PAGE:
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This is a small (0.7 " x 0.4 ") breakout board for New Japan Radio's NJU72501 piezo sounder driver. The board exposes all of the pins of the driver including VIN and GND for power, VOUT for the output of the boost converter, EN1 and EN2 to choose 0X, 1X, 2X, or 3X the input voltage (2.3 to 5.0V(1x/ 2x Mode), 2.3 to 3.4V(3x Mode)), and VO1 and VO2 to drive the piezo sounder either in single-ended mode (with VO1 connected to one piezo input and the other grounded) or differential mode (with both VO1 and VO2 connected to either input of the sounder). I have included Murata's smallest (9 mm x 9 mm) PKMCS0909E4000 piezo sounder, but this can be left off the board if you want to use another piezo sounder. Just ask. The sounder operates between 0 and 10 kHz (midrange is 4 kHz) and at a maximum peak-to-peak voltage of +/- 12.5 V. Thus the sounder driver (maximum peak-to-peak drive +/-10 V in differential mode) and the sounder are well matched.
Adding sound to a project is as easy as hooking up an 8-Ohm speaker to a PWM-capable GPIO pin (maybe with a current-limiting resistor!). When the project is small, as in wearable/portable, there are not a lot of good options that don't dominate the project size. Piezo sounders offer surprisingly high-quality sound in a small package, but require higher voltages than are typically available on 3V3 development boards to sound loud enough to hear well. This NJU72501 sounder driver is a small solution to the problem of using piezo sounders well. It has provision for driving the piezo at 1x, 2x, and 3x the input voltage (up to 3V3, a common MCU voltage) with simple TTL input from two GPIOs of the MCU. The sound frequency drive is supplied to DIN by a GPIO pin from the MCU via PWM (tone).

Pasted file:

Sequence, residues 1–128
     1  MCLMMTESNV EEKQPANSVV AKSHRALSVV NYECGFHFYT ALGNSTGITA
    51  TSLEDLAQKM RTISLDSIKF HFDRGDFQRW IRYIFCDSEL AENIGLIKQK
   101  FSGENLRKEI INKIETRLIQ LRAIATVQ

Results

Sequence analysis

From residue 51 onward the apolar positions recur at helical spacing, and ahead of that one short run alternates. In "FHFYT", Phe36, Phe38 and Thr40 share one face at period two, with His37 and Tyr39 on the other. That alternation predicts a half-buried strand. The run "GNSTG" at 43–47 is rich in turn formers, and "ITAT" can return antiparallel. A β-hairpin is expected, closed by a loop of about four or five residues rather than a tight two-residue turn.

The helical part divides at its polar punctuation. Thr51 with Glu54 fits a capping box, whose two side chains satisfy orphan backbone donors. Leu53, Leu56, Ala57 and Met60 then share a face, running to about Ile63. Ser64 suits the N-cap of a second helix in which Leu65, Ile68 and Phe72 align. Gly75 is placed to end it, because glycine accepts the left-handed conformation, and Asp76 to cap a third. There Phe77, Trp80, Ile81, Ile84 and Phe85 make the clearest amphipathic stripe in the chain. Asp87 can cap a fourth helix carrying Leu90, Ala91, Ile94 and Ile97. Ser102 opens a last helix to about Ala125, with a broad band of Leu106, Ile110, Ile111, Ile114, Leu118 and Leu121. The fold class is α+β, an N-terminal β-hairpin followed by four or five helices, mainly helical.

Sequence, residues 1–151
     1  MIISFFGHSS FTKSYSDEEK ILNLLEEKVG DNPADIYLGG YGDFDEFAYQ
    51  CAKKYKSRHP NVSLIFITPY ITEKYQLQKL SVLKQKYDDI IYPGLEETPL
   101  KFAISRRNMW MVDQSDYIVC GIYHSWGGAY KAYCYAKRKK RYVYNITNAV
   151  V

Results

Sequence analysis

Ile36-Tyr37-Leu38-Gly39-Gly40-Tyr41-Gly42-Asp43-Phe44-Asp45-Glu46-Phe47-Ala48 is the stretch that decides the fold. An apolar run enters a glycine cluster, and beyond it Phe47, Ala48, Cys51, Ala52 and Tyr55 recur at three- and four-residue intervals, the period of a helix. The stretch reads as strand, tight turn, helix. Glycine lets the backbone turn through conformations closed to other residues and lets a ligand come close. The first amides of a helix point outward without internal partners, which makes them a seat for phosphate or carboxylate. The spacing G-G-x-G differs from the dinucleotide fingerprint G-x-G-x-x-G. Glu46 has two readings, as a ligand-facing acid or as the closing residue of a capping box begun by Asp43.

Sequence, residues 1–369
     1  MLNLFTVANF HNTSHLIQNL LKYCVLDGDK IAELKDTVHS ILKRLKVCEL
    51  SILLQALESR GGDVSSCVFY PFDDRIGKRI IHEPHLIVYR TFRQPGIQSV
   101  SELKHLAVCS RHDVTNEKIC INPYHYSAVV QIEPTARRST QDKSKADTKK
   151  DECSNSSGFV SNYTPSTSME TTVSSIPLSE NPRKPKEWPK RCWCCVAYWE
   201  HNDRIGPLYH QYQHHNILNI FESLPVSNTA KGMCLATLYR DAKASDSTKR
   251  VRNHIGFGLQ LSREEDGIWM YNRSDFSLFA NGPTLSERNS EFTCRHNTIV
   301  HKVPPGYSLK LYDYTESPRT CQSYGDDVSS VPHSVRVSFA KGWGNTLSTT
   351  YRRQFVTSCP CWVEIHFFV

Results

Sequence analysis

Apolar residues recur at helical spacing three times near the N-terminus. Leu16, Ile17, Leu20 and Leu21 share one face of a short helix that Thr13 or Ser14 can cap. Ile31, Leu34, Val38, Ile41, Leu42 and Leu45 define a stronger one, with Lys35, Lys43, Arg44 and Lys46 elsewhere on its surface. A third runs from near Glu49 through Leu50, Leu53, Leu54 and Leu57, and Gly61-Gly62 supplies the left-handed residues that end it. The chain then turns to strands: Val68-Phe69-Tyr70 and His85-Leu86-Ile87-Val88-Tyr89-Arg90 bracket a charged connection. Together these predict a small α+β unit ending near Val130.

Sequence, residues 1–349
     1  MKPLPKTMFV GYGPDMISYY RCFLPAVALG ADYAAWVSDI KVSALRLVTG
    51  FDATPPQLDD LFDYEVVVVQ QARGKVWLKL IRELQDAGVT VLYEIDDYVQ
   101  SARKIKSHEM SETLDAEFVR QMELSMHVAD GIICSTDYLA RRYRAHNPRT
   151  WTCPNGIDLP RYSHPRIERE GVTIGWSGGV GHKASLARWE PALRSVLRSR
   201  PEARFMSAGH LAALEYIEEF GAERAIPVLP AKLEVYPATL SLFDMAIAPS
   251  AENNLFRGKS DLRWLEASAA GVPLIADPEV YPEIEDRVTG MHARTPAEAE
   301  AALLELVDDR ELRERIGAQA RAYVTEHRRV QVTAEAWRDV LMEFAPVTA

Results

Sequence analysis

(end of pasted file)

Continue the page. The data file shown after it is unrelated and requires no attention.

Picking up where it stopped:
The proper sound level for your application (which depends on the location within the design case, the case materials, place on the body or proximity to people, etc) can be determined with this breakout board and then hardwired into your custom design. Or simply use this breakout board as part of your application to provide sound indication for users. For many devices, users appreciate both visual feedback from led indicators, tactile feedback from switches and haptic motors, as well as aural feedback from something like this small piezo sounder.
This is a super-small breakout useful for evaluation of the settings of the sounder driver for particular packaging constraints as well as a source for sound indication that can be easily incorporated into many existing projects. There is a simple melody sketch I adapted from Sparkfun to test the piezo sound quality and loudness reposited here. It uses tone to play a variety of notes over a wide frequency range to test your sounder.
Order the pcb from OSH Park and assemble a few of your own, or buy the fully assembled and tested piezo sounder driver from me and see how easy it is to add sound indication to your project!
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